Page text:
Residents of Sudan’s Darfur region began voting Monday on whether to reunite the arid western area’s states into one entity, a referendum that Sudan says will settle a contentious issue at the heart of a long-running conflict.

The Sudanese government’s decision to split Darfur into three states in 1994 helped fuel discontent that erupted into fighting in 2003 — rebels and many from the large Fur tribe said the breakup allowed Khartoum to divide and rule them.

Sudan, which later split Darfur further into five states, has presented this week’s referendum as a major concession. But rebel and opposition groups have cried foul, saying the vote will be rigged and calling on supporters to boycott it.

Students inside El-Fasher University, in the government-controlled capital of North Darfur state, protested the vote, and witnesses said similar rallies were held in at least three refugee camps in Central Darfur state.

Analysts and diplomats say the government opposes a unified Darfur, concerned that it would give the rebels a platform to push for independence — just as the south successfully did in 2011, taking with it most of Sudan’s oil reserves.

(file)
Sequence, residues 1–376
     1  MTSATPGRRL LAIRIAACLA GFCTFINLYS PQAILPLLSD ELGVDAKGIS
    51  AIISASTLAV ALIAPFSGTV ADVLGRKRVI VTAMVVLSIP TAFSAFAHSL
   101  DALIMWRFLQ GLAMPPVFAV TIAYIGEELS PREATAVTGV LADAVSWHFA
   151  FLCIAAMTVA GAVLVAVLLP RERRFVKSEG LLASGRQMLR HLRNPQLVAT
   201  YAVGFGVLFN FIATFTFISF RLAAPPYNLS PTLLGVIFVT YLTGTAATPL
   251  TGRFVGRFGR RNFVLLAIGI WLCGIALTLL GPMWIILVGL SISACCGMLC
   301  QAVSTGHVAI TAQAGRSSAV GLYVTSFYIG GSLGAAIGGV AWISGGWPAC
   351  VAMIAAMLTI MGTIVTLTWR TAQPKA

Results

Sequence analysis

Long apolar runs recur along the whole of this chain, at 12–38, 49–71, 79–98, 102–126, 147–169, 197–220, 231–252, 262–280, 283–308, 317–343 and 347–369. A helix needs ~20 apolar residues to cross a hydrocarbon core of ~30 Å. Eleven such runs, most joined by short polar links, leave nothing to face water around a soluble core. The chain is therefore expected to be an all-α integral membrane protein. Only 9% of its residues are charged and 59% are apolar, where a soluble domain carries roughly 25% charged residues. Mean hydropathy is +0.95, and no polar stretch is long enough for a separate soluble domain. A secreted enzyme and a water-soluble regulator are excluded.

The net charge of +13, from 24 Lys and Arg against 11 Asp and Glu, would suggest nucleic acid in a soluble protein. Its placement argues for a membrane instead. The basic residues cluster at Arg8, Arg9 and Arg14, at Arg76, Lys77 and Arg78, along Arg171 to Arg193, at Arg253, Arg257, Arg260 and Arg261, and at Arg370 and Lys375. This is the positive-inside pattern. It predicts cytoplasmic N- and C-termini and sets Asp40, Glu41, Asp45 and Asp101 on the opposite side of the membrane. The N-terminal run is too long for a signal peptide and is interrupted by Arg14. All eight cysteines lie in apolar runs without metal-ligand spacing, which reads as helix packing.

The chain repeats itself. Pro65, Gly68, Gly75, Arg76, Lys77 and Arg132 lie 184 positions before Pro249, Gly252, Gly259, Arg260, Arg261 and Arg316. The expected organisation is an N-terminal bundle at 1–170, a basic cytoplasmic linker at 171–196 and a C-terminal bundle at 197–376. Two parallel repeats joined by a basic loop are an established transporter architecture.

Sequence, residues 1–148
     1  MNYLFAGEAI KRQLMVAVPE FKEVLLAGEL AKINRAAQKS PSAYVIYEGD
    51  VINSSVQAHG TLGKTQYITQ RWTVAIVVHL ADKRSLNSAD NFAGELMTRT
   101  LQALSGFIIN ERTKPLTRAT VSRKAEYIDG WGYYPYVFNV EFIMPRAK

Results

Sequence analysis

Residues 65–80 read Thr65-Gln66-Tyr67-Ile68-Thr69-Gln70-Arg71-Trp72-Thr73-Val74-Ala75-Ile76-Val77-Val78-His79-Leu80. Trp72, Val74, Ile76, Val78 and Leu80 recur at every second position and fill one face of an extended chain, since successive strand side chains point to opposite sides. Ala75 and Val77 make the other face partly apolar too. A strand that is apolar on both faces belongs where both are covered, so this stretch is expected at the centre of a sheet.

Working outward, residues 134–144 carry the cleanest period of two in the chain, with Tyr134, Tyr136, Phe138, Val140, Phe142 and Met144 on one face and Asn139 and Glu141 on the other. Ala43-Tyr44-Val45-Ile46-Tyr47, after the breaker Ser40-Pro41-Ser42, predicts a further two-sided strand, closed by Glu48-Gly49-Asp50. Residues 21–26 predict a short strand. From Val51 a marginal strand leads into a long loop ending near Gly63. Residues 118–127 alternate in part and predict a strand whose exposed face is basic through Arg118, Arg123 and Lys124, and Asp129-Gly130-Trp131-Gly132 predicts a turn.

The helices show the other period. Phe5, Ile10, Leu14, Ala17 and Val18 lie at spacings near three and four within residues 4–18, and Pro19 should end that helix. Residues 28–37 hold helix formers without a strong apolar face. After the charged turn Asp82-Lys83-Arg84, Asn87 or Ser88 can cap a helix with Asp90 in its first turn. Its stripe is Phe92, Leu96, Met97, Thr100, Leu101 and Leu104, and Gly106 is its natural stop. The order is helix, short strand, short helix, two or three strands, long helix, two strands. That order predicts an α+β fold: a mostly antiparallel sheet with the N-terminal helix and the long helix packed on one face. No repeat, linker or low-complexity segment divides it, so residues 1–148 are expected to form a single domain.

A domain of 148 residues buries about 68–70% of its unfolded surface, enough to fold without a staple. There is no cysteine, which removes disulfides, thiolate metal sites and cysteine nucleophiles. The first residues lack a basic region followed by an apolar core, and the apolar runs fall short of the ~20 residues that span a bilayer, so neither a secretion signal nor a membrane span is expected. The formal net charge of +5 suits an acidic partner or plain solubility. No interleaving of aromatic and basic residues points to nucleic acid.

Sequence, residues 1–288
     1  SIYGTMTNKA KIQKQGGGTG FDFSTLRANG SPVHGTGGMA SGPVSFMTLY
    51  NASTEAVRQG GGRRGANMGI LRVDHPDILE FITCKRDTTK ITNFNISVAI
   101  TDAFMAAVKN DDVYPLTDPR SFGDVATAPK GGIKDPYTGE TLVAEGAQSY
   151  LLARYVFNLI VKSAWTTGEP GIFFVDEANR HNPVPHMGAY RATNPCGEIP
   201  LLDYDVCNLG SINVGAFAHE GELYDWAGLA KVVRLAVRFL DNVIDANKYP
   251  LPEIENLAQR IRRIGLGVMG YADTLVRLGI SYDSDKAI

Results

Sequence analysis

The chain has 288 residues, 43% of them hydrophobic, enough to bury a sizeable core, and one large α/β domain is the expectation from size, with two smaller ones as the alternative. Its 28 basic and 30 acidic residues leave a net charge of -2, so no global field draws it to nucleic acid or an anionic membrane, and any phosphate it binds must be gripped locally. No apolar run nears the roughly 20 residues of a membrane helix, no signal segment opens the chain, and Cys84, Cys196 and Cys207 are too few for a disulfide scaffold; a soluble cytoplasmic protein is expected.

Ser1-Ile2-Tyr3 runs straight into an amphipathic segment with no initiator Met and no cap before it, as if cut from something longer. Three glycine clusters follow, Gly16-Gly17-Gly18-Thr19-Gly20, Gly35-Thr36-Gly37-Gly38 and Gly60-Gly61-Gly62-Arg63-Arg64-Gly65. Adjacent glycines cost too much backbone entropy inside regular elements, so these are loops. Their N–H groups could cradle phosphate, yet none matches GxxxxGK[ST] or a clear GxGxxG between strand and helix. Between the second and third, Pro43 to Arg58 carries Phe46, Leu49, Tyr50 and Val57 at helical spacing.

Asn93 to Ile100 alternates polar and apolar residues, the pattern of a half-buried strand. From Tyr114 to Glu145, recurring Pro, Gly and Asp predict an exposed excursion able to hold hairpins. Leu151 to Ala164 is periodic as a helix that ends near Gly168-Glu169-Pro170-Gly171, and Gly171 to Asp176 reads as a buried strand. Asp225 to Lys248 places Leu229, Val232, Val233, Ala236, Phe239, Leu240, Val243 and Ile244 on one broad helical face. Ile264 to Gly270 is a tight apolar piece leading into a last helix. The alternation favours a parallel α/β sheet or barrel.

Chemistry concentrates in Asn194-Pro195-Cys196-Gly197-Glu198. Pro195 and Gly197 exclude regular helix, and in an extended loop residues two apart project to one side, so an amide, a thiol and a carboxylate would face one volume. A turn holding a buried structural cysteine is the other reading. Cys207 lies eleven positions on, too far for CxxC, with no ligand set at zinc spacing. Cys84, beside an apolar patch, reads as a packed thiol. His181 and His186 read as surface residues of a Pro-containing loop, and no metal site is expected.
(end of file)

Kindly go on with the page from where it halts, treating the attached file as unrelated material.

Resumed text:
Turnout was strong in the center of El-Fasher, where there was a heavy presence of security forces.

The Darfur conflict began in 2003 when mainly non-Arab tribes took up arms against the Arab-led government based in the Sudanese capital, Khartoum, accusing it of discrimination and of marginalizing the area.

According to the United Nations, as many as 300,000 people have been killed in Darfur, about 4.4 million people need aid and more than 2.5 million have been displaced.

Although the killings have eased in recent years, the insurgency continues and Khartoum has sharply escalated attacks on rebel groups in the past year.

The two main rebel groups fighting in Darfur, the Justice and Equality Movement and the Sudan Liberation Army, have called on their followers not to take part in the three-day referendum.

They had called for a political settlement first and have warned that the referendum will lead to more violence.

South Sudan, roughly the same size as a unified Darfur, fought the north through more than two decades of civil war until a 2005 peace deal gave it the right to a referendum on whether to secede.

In 2011, southerners overwhelmingly voted to declare independence, and South Sudan became independent that year, though both countries remain at loggerheads over territorial and other issues, and the South has struggled with a civil war.